The punk background I spoke of above, of course, isn't solid; punk's cult of the amateur has a very chequered history, and Morley effectively ceded from it when he became involved in ZTT - Trevor Horn, the consummate professional, confined to the studio for 12-hour shifts, making productions slick as wet soap. His involvement in New Pop was at least in part a reaction to the shrinkage of post-punk's ambitious parameters into Messthetic that'll-do-ism. So there is a tension between the impulse to self-improvement and the wish not to play to the Establishment's rules; as he says in this article about the experience, he didn't want to play at the rebellious scholarship boy refusing to learn the rules, staying in the comfort zone of 'Eno thinking', the non-musician's experimental space: "
it didn't really seem in the spirit of what I had set out to do: learn something new about how music works that would challenge, even threaten, the familiar way I listened to and wrote about music." I myself had the same problem with writing: growing into it; accepting it as a kind of craft, with its own specialist knowledge, rather than the Romantic conception of it as a means of spontaneous outpouring; cooling down, and just getting on with the work (well, sometimes). And I had the same problem with classical music, to which my reaction is very often one of puzzlement: after hearing Beethoven's 'Pathetique' sonata, I was rather like, So what exactly am I meant to think of this? Any attempt to describe, or even think about it, is hilariously off-the-mark. I get the feeling this is a subject area I should know about, and that there's something I'm missing out on; indeed, listening to a performance recently of Chopin's 'Ballad No. 1' (by a Royal Academy student, no less!), I knew exactly what was going on, emotionally.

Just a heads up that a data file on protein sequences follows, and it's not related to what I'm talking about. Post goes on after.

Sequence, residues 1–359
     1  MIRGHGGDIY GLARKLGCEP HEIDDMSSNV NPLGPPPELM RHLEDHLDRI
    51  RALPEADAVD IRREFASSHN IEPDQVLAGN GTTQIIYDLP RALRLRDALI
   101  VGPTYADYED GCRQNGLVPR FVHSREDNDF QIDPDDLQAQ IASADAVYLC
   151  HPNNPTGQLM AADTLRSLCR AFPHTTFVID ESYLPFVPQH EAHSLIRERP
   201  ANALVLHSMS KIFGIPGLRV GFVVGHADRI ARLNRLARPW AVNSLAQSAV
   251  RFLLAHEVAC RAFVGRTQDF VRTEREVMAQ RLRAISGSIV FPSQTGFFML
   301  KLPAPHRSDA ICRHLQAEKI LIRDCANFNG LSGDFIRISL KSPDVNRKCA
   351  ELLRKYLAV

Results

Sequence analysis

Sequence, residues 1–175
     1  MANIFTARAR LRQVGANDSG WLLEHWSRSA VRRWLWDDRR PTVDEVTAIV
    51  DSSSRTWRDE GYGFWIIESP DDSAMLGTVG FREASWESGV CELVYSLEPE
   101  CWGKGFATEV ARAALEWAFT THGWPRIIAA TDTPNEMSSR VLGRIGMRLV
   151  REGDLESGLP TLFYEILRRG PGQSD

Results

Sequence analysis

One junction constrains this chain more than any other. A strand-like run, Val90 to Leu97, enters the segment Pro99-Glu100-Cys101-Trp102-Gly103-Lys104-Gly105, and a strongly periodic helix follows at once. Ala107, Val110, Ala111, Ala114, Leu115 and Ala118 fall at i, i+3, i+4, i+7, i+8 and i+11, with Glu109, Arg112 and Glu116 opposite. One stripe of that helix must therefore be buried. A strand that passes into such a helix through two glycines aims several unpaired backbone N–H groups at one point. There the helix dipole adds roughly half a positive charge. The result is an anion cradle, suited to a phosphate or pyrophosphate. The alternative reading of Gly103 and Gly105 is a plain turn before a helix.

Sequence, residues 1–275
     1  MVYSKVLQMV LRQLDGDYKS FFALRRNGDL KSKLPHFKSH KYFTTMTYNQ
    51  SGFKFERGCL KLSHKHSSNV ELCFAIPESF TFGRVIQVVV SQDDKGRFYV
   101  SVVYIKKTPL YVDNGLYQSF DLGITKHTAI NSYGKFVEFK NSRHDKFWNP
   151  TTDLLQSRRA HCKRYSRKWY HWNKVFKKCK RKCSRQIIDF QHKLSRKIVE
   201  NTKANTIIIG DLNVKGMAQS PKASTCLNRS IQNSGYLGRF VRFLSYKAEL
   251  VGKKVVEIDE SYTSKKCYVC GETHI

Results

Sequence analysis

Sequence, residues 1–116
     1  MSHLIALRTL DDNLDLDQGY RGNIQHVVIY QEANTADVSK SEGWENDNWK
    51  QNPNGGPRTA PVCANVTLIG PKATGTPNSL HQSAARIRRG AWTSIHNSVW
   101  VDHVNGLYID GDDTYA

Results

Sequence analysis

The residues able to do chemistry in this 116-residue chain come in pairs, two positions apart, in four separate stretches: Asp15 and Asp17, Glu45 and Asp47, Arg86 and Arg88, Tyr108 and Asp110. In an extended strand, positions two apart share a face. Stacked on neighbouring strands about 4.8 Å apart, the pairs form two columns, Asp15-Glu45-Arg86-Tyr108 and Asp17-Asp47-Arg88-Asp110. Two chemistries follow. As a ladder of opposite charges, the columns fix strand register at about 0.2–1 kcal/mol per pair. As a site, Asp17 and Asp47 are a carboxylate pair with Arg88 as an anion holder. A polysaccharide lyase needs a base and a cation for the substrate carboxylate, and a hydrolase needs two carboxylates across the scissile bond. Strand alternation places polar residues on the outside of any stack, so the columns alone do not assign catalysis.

It begs the question again: whose response is more valuable, more interesting - that of the vivid amateur, or that of the boring technical expert? Is it necessary, possible or even desirable to break down the last barriers to democratisation of music?

2 Comments:

Anonymous Kenicky said...

Does it not depend on what music's being discussed? What I mean is that I've always found classical music to be nothing but boring technicalities. A bit like Sufjan Stevens, actually.

July 26, 2009 at 8:19 PM  
Anonymous Kenicky said...

^ I should add that I meant the music of Sufjan Stevens, not that he would agree with me, although he possibly would.

July 26, 2009 at 8:19 PM